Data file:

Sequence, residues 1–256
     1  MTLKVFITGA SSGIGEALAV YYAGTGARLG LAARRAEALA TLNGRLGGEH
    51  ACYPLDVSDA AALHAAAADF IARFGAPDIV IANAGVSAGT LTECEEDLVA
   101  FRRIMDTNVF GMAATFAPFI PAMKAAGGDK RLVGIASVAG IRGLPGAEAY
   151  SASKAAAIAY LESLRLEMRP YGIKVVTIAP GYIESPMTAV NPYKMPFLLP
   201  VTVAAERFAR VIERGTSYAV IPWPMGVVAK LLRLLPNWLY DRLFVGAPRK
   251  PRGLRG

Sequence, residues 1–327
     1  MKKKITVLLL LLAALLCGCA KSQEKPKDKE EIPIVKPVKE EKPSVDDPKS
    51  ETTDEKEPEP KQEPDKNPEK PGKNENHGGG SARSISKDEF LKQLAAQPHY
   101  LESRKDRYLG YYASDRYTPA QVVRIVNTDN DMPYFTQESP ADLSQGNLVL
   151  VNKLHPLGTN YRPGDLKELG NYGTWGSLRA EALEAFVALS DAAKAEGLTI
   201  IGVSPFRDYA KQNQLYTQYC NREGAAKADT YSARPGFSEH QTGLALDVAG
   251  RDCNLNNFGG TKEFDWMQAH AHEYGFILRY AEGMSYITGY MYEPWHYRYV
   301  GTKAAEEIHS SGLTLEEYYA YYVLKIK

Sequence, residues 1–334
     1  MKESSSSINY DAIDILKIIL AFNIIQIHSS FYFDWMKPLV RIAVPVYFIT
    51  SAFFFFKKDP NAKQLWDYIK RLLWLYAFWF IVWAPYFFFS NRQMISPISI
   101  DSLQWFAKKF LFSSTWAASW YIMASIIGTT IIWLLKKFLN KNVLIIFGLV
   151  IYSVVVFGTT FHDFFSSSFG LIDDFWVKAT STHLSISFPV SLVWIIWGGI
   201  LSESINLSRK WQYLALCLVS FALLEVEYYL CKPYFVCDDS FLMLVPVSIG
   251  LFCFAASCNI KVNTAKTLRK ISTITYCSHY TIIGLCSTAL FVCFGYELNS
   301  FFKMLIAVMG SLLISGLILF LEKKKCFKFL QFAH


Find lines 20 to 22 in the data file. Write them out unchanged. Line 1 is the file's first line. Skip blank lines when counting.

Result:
   151  IYSVVVFGTT FHDFFSSSFG LIDDFWVKAT STHLSISFPV SLVWIIWGGI
   201  LSESINLSRK WQYLALCLVS FALLEVEYYL CKPYFVCDDS FLMLVPVSIG
   251  LFCFAASCNI KVNTAKTLRK ISTITYCSHY TIIGLCSTAL FVCFGYELNS